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HeinOnline

Water Rights & Resources

This collection focuses on the various uses for water, from hydropower, to agriculture, to drinking water, and how increasing pressures on water supply from climate change exacerbates historical tensions over who has access to water for what purpose.

Topic Overview

HeinOnline's Water Rights & Resources is dedicated to understanding the complex interplay of state and federal laws that govern all aspects of water in society, from its municipal use to restoring its pristine condition. Collecting congressional documents, books, legislative histories on major legislation, and Supreme Court briefs on related cases, this collection touches on a wide range of water issues. Topics covered include irrigation, hydropower, water conservation, drinking water quality, and tribal water rights.

What are water rights?

Water rights refers to the right of a user to access water from a particular source. It is one facet of the complex network of water laws that exist at both the state and federal level.

Water law in the United States differs across the country based on geographic conditions.

Riparian Law - riparian water rights are found mostly in the eastern United States. A person who owns the land next to a body of water has riparian rights to that water. She can remove water from the source and has access to it for swimming, boating, and fishing.

Prior appropriation - the doctrine of prior appropriation is found in parts of the western United States. It is a "first come, first served" model of water rights; the first claimant to a water source has the right to use it for a beneficial use. Appropriators must use their claim or risk losing it.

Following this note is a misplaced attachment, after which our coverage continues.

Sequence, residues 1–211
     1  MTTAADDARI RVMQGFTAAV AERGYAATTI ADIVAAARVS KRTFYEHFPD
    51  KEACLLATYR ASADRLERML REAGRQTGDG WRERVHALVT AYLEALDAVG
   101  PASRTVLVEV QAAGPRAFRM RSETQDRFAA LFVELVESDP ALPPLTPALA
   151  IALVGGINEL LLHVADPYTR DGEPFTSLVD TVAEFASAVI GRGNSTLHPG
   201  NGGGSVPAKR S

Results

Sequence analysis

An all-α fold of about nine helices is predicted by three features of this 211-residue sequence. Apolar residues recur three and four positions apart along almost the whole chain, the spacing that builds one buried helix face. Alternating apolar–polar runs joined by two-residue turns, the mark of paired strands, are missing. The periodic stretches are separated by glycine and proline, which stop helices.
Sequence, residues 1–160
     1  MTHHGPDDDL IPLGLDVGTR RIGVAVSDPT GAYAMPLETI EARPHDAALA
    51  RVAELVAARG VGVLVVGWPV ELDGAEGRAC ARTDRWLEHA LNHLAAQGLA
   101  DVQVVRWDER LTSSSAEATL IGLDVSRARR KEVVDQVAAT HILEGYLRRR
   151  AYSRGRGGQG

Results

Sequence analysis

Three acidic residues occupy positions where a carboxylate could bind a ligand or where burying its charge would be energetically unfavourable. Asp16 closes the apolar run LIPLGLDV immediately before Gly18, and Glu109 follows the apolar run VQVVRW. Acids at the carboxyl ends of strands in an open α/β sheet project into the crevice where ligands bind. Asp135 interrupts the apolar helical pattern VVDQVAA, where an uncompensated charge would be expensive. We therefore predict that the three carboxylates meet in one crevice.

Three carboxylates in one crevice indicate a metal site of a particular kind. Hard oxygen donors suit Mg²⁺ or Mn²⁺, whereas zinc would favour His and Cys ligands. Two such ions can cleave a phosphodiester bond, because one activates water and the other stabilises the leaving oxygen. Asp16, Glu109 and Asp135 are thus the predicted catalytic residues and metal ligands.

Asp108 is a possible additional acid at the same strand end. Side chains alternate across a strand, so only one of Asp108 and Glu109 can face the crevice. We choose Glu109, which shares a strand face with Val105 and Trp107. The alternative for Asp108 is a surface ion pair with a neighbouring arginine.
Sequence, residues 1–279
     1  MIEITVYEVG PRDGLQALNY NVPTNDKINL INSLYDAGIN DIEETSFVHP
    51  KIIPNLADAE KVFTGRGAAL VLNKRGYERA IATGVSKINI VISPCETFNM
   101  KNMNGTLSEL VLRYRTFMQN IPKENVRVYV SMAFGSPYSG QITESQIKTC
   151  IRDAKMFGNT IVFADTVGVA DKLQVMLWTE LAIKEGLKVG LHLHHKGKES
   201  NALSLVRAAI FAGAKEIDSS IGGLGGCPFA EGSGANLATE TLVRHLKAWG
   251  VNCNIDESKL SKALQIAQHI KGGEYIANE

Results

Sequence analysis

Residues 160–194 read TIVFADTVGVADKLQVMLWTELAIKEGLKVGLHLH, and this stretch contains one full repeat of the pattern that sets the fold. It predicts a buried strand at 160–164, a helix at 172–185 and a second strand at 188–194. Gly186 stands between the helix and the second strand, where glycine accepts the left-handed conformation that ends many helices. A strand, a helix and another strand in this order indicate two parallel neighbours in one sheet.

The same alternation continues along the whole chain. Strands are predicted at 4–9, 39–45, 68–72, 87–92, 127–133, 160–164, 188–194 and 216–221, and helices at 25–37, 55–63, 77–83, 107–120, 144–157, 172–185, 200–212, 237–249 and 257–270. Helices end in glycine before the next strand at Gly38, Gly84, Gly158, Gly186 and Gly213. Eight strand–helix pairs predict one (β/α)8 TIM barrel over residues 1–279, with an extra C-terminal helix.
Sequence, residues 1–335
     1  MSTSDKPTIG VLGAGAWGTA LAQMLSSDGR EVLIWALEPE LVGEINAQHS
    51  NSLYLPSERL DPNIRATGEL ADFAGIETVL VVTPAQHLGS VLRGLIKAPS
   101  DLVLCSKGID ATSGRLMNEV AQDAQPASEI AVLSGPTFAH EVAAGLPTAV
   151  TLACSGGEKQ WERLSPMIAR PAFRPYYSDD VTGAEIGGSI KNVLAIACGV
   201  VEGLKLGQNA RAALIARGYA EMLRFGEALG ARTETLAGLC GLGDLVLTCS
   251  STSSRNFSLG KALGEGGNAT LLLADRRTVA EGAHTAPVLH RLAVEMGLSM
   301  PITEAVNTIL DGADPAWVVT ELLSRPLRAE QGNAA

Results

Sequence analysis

Reserved rights - the 1908 Supreme Court case Winters v. United States created the reserved rights doctrine of water law. The case found that the public lands and Indian reservations created by the federal government have an implied right to sufficient water. The case also held that the federal government has rights to water that supersede state appropriation laws. This doctrine was famously solidified in the Supreme Court case Arizona v. California in 1963.

Once the right to use water is granted, what about the quality of that water?

The Clean Water Act is the major federal law regulating water pollution in the United States.

Enacted in 1972, the Clean Water Act:

  • regulates the discharge of pollutants into the waters of the United States.
  • sets quality standards for surface waters (streams, rivers, lakes, and any other body of water above ground). 

The Safe Drinking Water Act is the main federal law ensuring safe drinking water for the public.

Enacted in 1974, the Act mandates the EPA to:

  • set drinking water quality standards.
  • oversee all public water systems to make sure they follow standards.

The EPA also addresses groundwater contamination through two hazardous waste cleanup acts: the Resource Conservation and Recovery Act (which governs solid and hazardous waste disposal) and the Comprehensive Environmental Response, Compensation, and Liability Act of 1980, commonly known as the Superfund program (which investigates and cleans up sites contaminated with hazardous substances).